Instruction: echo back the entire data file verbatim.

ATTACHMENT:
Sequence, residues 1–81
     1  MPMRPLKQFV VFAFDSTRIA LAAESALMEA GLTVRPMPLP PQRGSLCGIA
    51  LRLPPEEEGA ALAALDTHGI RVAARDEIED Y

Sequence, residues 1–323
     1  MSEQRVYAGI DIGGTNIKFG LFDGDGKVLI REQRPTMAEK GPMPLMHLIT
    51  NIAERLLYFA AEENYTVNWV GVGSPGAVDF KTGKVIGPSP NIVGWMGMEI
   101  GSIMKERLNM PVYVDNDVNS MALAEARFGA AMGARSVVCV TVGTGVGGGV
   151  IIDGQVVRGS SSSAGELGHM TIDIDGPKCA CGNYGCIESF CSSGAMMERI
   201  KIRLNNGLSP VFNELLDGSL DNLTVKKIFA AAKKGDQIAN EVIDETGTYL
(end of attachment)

Sequence, residues 1–81
     1  MPMRPLKQFV VFAFDSTRIA LAAESALMEA GLTVRPMPLP PQRGSLCGIA
    51  LRLPPEEEGA ALAALDTHGI RVAARDEIED Y

Sequence, residues 1–323
     1  MSEQRVYAGI DIGGTNIKFG LFDGDGKVLI REQRPTMAEK GPMPLMHLIT
    51  NIAERLLYFA AEENYTVNWV GVGSPGAVDF KTGKVIGPSP NIVGWMGMEI
   101  GSIMKERLNM PVYVDNDVNS MALAEARFGA AMGARSVVCV TVGTGVGGGV
   151  IIDGQVVRGS SSSAGELGHM TIDIDGPKCA CGNYGCIESF CSSGAMMERI
   201  KIRLNNGLSP VFNELLDGSL DNLTVKKIFA AAKKGDQIAN EVIDETGTYL